1: You can add in your students to create a roster and divide them into groups. For example, I have my students grouped by school and whether they are in a self-contained setting or not.

2: From your student roster dashboard, you can choose to add parent emails, which could be quite beneficial for our students who will be getting therapy from their homes with parental involvement.

3: Also from the dashboard, you can create and manage assigned reading and quizzes.

4: Quizzes can be created by you for a story and assigned to your entire roster, a group, or an individual student. Some stories have quizzes already created and shared by educators.

5: You can explore books by age, grade, and even lexile level! You can also filter by whether or not a book is a comic, has a “read to me” feature, or is an audiobook. Books are also sorted by topic, such as ELA, science, and math.

6: You can also sign educational videos for students to watch. Quizzes can be created and assigned for videos as well, adding a listening comprehension component to this site.

7: You can add books and videos to your own library so that you can plan ahead for future assignments.

8: Epic! can be accessed easily on a computer or a tablet/phone.

9: Students log in to their own Epic! account using a classroom code.

Epic! provides us with a great opportunity for both group lessons and assigned homework on a digital platform. The ability to create your own quizzes within the site will allow you to target questions specific to deficit areas, going deeper than traditional comprehension questions often available in pre-made assessments.

3 | Storyberries

Storyberries is far more simplistic in nature. It doesn’t have the bells and whistles of Wonderopolis or Epic! and will thus require you to make your own accompanying activities. However, I think (and there is research that agrees!) that exposure to fairy tales is important and Storyberries allows for that! What do I like about Storyberries?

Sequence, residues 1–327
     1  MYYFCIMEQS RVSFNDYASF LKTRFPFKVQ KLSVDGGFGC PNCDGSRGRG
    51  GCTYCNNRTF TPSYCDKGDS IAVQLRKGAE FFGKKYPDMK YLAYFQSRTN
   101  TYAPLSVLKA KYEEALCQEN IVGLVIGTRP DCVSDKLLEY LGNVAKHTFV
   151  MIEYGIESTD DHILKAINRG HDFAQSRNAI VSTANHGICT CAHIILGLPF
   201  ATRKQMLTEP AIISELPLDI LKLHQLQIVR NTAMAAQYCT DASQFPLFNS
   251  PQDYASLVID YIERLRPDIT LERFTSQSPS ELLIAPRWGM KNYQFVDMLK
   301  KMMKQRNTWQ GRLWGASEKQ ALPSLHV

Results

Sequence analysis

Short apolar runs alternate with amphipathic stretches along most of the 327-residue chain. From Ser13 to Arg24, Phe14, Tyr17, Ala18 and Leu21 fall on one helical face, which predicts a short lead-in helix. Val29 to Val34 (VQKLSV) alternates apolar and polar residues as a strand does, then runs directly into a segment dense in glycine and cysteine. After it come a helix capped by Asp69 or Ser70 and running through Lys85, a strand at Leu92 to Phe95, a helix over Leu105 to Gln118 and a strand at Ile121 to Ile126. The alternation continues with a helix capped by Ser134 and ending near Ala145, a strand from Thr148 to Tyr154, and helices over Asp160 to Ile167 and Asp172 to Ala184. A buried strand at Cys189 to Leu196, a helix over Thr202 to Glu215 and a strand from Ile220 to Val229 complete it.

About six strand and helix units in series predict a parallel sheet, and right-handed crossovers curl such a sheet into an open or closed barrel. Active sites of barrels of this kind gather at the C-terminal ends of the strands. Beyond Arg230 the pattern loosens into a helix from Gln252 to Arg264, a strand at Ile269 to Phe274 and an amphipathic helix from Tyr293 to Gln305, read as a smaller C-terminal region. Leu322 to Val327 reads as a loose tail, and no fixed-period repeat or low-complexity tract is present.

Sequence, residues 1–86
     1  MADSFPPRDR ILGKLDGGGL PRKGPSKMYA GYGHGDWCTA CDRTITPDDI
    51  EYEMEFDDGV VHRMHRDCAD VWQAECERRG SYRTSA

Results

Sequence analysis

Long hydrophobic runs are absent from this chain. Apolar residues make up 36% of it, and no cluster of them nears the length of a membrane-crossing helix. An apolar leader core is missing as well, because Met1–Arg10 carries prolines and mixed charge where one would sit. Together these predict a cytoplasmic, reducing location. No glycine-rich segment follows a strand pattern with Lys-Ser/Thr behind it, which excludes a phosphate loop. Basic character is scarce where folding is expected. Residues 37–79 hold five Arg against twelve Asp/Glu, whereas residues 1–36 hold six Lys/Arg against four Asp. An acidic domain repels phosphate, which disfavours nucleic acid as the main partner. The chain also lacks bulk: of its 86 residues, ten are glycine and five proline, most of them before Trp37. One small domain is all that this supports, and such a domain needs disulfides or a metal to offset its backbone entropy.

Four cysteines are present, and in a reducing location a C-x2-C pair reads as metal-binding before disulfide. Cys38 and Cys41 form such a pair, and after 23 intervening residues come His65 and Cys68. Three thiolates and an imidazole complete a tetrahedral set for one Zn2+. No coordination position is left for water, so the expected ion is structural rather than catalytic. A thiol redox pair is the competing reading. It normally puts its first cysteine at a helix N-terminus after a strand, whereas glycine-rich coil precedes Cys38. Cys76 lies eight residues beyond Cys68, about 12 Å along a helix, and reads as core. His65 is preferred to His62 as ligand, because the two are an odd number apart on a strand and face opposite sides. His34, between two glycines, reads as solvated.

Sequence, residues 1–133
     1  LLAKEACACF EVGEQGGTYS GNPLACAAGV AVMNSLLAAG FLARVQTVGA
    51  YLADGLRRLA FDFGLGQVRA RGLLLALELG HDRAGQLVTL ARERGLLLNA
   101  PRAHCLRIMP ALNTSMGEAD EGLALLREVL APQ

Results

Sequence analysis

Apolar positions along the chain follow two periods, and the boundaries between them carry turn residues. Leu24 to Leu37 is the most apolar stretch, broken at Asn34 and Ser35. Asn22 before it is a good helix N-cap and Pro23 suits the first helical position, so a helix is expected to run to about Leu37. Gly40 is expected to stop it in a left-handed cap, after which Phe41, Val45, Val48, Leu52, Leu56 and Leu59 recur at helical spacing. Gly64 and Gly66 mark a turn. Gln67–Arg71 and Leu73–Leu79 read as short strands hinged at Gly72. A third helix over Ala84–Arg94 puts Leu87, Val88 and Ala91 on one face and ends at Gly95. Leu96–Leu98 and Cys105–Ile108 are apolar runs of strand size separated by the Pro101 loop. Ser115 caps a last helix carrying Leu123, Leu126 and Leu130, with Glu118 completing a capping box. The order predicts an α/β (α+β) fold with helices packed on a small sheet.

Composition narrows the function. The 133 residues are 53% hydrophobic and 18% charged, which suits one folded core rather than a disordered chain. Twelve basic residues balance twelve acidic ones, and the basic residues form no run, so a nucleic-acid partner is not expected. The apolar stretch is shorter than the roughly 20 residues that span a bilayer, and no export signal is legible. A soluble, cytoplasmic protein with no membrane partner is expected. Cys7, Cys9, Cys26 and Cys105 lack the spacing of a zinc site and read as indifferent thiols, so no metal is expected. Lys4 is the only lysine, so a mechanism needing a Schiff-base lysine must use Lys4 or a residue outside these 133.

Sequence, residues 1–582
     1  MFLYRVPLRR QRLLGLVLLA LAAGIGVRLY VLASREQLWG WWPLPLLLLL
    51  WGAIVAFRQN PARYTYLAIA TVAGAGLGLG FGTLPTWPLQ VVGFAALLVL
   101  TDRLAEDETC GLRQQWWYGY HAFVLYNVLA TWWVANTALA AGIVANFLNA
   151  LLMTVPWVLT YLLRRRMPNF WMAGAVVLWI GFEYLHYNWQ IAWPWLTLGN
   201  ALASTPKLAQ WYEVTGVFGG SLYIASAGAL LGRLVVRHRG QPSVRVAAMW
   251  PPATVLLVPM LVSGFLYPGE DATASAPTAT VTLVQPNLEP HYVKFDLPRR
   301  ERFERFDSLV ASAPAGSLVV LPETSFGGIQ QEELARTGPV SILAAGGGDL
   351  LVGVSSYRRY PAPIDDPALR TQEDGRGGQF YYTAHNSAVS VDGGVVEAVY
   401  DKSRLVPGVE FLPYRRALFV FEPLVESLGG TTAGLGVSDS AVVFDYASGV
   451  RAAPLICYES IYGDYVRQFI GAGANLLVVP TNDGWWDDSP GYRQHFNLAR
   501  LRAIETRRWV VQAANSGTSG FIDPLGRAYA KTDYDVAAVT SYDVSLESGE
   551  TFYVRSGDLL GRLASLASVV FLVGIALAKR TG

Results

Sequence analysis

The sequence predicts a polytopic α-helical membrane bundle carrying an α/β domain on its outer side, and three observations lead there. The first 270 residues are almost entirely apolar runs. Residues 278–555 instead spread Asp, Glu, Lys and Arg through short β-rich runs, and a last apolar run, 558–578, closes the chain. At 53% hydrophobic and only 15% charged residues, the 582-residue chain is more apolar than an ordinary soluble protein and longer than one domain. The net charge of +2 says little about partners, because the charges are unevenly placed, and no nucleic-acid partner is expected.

1: Storyberries provides both traditional fairy tales and allows authors to write their own variations of stories.

2: Storyberries sorts stories in several helpful ways: age, time to read, type of story (picture, chapter, comic, etc…), topic (dragons, gardening, the beach, etc…) and conversation (death and dying, friendship, jealousy, etc…).

3: At the end of each story, a few discussion questions are provided for conversations based on the conversational theme of the story. These are categorized by emotions, events, etc… and could be particularly helpful for students working on social skills.

4: Storyberries provides audio versions of many stories, as well as videos through YouTube.

Storyberries is a simple website, but it serves a purpose of exposing students to the fairy tale genre and encouraging healthy discussion on a variety of topics, using storytelling as a framework. Some research suggests that this is an important practice for stimulating healthy childhood development and can be a beneficial inclusion in our educational services.

These are just 3 of the many, many websites out there for educating students. Having a library of online resources will likely prove more vital than ever to our therapy services this year as we prepare to provide teletherapy services and reduce transmission through good hygiene practices.

Do you have any suggestions for reading websites? Share below!!